Europe has a long history of destructive earthquakes with Balkan and Meditteranean countries being at higher risk of earthquakes than other areas in Europe. Indeed, in recent times both Turkey and Italy have been affected. In 1999 Izmit in Turkey was hit by an earthquake measuring 7.9 on the Richter scale. The area was devastated and 17,000 people killed. In 2009, over 300 people lost their lives in L’Aquila in Italy to a 5.9 magnitude earthquake.
Understanding and analysing seismic faults and their activities can be critical for locating buildings, tanks, and pipelines and assessing the seismic shaking and tsunami hazard to infrastructure and people in the vicinity. Near-Fault Observatories (NFOs) are advanced multidisciplinary research infrastructures based on integrated networks of multi-parametric sensors continuously monitoring the chemical and physical processes governing active faults and the genesis of earthquakes.
Presently, thousands of public and privately owned permanent GNSS stations are operating in Europe. The EPOS Preparatory Phase has demonstrated that national networks want to provide and distribute GNSS data through common European services which, when implemented, will be used by European researchers in solid Earth science as well as in other environmental sciences.
In 2010, small volcanic eruptions at Eyjafjallajökull, Iceland, disrupted air travel worldwide, at an estimated cost of €1300 million. Understanding the circumstances that made this eruption so costly involves not only researchers across diverse disciplines, but also civil authorities, aviation authorities, industry, and public all around Europe.
Satellite Data is used in all Earth Observation domains and applications. EPOS will implement a set of mature services that have already had a positive impact in the investigation of physical processes controlling earthquakes, volcanic eruptions, unrest episodes as well as tectonics and Earth surface dynamics.
The monitoring of Geomagnetic fields has a long history across Europe, though there has been little European-level coordination. EPOS will consolidate the community; modernise data archival and distribution formats for existing services, such as INTERMAGNET; and create new services for magnetotelluric data and geomagnetic models.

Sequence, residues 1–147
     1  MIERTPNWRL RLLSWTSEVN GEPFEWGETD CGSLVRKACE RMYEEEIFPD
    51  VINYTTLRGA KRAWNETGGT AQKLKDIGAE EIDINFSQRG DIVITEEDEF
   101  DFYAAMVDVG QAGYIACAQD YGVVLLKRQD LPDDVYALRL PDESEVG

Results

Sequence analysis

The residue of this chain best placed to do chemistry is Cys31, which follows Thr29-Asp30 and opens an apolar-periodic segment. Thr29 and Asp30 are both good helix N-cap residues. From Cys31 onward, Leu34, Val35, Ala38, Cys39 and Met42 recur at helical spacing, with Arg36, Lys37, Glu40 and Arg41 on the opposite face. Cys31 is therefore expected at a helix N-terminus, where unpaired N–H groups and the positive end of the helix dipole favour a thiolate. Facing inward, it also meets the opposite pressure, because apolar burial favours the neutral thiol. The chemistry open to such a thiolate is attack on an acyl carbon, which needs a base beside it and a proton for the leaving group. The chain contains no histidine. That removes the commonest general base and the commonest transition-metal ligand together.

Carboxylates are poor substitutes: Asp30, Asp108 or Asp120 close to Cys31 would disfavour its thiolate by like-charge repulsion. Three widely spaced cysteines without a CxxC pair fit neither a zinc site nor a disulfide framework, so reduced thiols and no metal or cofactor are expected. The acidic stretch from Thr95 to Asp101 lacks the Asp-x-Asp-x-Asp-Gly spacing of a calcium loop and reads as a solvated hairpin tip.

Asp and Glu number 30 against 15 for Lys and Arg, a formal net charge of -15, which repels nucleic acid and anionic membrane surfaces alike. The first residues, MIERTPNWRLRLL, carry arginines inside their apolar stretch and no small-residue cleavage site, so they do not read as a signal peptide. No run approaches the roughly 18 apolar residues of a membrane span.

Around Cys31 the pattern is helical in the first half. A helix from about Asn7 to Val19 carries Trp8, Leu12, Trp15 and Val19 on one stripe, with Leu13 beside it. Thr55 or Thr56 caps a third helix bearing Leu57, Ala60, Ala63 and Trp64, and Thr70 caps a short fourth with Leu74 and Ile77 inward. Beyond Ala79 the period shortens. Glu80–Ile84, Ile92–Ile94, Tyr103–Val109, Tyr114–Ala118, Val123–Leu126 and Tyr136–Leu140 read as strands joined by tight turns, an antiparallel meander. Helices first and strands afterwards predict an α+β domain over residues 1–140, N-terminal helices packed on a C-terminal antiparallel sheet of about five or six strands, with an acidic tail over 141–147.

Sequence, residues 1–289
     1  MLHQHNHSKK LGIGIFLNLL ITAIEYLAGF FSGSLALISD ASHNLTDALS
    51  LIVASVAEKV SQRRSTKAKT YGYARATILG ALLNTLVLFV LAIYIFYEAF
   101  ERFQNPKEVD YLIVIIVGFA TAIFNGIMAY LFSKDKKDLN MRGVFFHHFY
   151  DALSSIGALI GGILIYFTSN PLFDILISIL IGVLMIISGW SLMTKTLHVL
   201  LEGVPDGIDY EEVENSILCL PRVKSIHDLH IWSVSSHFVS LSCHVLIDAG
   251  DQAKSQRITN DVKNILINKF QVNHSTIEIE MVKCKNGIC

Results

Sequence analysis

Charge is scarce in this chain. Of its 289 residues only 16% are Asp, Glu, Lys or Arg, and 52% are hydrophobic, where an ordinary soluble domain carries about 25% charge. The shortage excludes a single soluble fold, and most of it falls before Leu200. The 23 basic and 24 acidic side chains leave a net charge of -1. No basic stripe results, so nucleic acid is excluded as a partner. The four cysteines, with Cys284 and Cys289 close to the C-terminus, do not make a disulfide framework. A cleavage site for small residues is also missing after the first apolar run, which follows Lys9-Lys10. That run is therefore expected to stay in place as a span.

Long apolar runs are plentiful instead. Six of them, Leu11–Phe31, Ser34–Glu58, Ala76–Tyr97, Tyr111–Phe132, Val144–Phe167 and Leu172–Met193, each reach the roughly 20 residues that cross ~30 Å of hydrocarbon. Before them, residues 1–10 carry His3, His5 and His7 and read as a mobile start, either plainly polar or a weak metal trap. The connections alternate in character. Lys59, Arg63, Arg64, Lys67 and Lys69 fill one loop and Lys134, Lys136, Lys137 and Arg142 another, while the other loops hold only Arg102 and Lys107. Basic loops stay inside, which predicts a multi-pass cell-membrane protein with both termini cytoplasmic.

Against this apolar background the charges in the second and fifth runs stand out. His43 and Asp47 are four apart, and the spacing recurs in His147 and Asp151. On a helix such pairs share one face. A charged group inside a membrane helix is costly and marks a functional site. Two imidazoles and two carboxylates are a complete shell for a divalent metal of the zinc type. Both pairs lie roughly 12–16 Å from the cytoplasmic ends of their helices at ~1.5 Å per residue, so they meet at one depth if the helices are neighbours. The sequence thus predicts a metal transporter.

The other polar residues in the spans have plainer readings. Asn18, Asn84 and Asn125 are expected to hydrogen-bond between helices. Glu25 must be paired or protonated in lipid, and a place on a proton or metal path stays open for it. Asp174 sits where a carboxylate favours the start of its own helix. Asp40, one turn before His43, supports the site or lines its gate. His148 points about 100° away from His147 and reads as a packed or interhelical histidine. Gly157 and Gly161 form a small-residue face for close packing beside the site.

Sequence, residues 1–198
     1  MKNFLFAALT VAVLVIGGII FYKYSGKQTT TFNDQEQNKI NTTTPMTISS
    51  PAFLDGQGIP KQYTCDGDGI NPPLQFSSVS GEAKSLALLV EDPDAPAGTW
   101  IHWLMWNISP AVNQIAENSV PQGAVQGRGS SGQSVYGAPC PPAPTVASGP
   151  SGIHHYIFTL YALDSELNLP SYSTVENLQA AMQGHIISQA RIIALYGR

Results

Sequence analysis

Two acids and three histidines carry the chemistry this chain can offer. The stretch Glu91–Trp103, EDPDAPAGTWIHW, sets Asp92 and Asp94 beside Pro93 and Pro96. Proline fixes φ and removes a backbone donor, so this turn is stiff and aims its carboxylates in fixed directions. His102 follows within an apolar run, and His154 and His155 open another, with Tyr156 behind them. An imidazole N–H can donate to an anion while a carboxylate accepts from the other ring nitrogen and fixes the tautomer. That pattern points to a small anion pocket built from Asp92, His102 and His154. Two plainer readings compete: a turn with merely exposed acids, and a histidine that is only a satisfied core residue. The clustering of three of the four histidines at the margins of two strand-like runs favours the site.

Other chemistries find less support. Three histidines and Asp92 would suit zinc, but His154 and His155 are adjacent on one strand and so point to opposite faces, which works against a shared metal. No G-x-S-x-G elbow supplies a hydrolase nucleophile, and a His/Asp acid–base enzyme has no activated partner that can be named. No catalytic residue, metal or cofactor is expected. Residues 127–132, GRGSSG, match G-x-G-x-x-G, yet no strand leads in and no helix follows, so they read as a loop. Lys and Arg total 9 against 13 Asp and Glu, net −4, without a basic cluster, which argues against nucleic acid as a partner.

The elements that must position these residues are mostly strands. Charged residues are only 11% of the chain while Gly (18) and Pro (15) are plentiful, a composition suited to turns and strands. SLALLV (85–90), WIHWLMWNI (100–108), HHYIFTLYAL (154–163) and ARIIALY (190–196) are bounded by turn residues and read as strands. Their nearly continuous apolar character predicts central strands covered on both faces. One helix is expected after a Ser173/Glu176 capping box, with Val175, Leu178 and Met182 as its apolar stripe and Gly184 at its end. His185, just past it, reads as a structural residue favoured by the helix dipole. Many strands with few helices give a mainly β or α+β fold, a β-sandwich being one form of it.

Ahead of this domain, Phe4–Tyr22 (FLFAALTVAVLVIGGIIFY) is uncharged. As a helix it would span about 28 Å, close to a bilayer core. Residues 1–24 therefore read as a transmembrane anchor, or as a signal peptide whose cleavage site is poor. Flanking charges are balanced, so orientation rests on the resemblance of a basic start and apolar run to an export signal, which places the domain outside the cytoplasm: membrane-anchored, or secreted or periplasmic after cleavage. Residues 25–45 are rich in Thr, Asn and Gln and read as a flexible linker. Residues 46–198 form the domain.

EPOS will integrate distributed research infrastructures (RI) to facilitate and stimulate research on anthropogenic hazards (AH) especially those associated with the exploration and exploitation of geo-resources.
Processing and the use of simulation and visualisation tools will subsequently support the integrated analysis and characterisation of complex subsurface structures and their inherent dynamic processes.
This will provide future virtual research environments with means to facilitate the use of existing information for future applications.
EPOS includes a wide range of world-class laboratory infrastructures ranging from high temperature and pressure experimental facilities, to electron microscopy, micro-beam analysis, analogue modeling and paleomagnetic laboratories. Most data produced by the various laboratory centres and networks are presently available only in limited “final form” in publications.
For 2020, the EU has committed to cutting its greenhouse gas emissions to 20% below 1990 levels and further cuts are being decided for 2050. This commitment is one of the headline targets of the Europe 2020 growth strategy and is being implemented through binding legislation.